Given the pdf of Z = X+Y, what's the pdf of X if X&Y are IID

  • #1

Main Question or Discussion Point

A common problem in statistics is, "Given that X is distributed according to the pdf f(x) and Y is distributed according to the pdf g(y), what is the pdf h(z) of Z = X + Y?" The answer is the convolution of f(x) and g(y):

$$ h(z)=(f*g)(z)=\int_{-\infty}^\infty f(z-t)g(t) dt = \int_{-\infty}^\infty f(t)g(z-t) dt $$

In my research I have stumbled across the reverse problem given that X and Y are IID (identically and independently distributed): "Given that the random variable Z = X+Y has a known pdf h(z), what is the pdf f(x) if it is known that X and Y are IID?"

Does anyone have insight to how this problem could be solved? Is there such a thing as a deconvolution operator that could help me? Thanks in advance.
 

Answers and Replies

  • #2
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If you know Z with arbitrary precision, a Fourier transform should help.
Or calculate all the moments of the distribution.
 
  • #3
If you know Z with arbitrary precision, a Fourier transform should help.
Or calculate all the moments of the distribution.
Exactly!!! I never actually thought I'd use those convolution theorems I learned in my FT class!

We know
$$ h = f*g $$
Taking the Fourier transform
$$ \mathcal{F}\{f*g\} = \mathcal{F}\{f\} \cdot \mathcal{F}\{g\} $$
We know f = g, so
$$ \mathcal{F}\{f*g\} = \mathcal{F}\{f\}^2 $$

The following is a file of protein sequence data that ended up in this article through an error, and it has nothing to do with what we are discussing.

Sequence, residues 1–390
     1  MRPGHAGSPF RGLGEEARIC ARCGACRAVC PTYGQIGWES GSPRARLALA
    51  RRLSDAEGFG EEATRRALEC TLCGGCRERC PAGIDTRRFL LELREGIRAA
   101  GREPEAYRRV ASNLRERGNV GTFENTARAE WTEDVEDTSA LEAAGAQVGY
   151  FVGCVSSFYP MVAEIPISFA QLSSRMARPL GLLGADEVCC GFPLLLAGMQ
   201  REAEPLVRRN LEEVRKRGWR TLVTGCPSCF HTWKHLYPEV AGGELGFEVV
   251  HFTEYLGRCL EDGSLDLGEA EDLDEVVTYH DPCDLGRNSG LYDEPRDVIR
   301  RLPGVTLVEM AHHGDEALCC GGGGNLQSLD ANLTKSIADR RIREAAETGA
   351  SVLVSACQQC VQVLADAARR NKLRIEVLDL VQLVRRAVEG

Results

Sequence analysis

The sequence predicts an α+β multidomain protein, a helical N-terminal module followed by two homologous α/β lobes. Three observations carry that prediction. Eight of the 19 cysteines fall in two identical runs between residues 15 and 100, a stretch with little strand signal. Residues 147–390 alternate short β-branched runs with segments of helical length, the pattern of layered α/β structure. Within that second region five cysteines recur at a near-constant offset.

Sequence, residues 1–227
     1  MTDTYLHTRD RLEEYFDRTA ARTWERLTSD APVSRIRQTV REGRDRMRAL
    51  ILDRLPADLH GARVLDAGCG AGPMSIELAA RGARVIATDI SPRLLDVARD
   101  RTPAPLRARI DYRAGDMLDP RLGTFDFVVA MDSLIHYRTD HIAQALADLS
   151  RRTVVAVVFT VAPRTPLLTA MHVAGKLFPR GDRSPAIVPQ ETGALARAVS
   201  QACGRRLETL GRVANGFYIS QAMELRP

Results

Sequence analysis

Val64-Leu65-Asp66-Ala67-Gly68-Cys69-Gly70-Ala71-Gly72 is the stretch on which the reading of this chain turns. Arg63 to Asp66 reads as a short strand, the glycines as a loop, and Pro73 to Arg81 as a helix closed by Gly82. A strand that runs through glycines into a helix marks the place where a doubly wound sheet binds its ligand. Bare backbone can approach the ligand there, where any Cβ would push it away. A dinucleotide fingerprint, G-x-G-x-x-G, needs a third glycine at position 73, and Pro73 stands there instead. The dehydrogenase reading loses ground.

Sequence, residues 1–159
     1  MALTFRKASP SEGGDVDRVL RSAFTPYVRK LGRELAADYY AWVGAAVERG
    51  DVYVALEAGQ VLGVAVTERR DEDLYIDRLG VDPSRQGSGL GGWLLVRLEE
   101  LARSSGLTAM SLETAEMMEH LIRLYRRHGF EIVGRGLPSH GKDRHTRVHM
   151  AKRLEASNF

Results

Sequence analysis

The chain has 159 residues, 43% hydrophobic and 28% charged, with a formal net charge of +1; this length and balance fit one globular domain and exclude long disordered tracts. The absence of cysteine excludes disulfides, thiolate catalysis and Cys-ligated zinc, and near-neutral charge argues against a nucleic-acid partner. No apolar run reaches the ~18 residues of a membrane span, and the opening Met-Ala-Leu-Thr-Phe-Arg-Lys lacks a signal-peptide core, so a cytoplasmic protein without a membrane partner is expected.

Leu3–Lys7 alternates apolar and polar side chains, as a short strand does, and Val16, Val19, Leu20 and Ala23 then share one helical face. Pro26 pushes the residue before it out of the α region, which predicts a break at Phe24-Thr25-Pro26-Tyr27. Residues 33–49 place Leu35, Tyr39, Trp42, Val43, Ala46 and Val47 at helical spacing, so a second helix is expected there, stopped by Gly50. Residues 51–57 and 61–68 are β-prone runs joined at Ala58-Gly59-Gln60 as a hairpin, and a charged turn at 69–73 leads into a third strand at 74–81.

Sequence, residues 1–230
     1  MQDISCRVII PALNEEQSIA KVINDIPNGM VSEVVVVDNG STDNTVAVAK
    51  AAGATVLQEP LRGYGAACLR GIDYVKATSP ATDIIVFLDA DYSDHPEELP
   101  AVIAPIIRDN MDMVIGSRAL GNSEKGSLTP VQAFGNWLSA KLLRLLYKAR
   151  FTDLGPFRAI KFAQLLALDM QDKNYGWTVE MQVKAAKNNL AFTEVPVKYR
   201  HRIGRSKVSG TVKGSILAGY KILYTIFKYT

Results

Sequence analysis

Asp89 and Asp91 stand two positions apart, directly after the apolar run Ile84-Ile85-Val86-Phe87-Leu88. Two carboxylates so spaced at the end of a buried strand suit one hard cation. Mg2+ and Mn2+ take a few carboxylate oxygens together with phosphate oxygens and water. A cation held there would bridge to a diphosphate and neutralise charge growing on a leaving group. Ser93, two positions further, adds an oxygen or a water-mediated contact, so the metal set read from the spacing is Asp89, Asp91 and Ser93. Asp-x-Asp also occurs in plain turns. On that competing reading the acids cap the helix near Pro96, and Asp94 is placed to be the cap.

Rearranging,
$$ f = \mathcal{F}^{-1} \bigg\{ \sqrt{ \mathcal{F} \{ f*g \} } \bigg\} $$
Putting in h,
$$ f = \mathcal{F}^{-1} \bigg\{ \sqrt{ \mathcal{F} \{ h \} } \bigg\} $$

Thank you for that insight. Hopefully my data is not too sparse so that I can perform a decent FFT.

Could you please elaborate how calculating moments could help?
 
  • #4
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If you know all moments, you can reconstruct the function, and you can find relations between the moments of Z and X.

A discretized version can always have problems with high frequencies, but I guess there are ways to suppress them.
 
  • #5
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If you know all moments, you can reconstruct the function
That is not necessarily true. But I guess you can assume that the distribution of the OP is nice enough for it to be true.
 
  • #6
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For all functions where you have some chance to reconstruct it experimentally ;).
 
  • #7
If you know all moments, you can reconstruct the function, and you can find relations between the moments of Z and X.

A discretized version can always have problems with high frequencies, but I guess there are ways to suppress them.
Is there a theorem you could refer me to that describes this process of constructing a pdf from its moments?
 
  • #9
That article didn't seem that helpful or it went way over my head. What I had in mind when you said a pdf could be reconstructed from its moments, is that the pdf could be approximated as some polynomial, where each term is somehow a function of the first N moments, and that the reconstruction of became increasingly accurate with increasing N. I couldn't find anything that mentioned this in that article.
 
  • #10
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The references given there might help.

Checking Wikipedia, the references given there, and google results with similar keywords is really not magic, and something that could be expected before asking questions.
 
  • #11
Checking Wikipedia, the references given there, and google results with similar keywords is really not magic, and something that could be expected before asking questions.
Thanks for the tip.
 
  • #12
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Can you just look at this as computing the probability of X and Y, eg their union?
 

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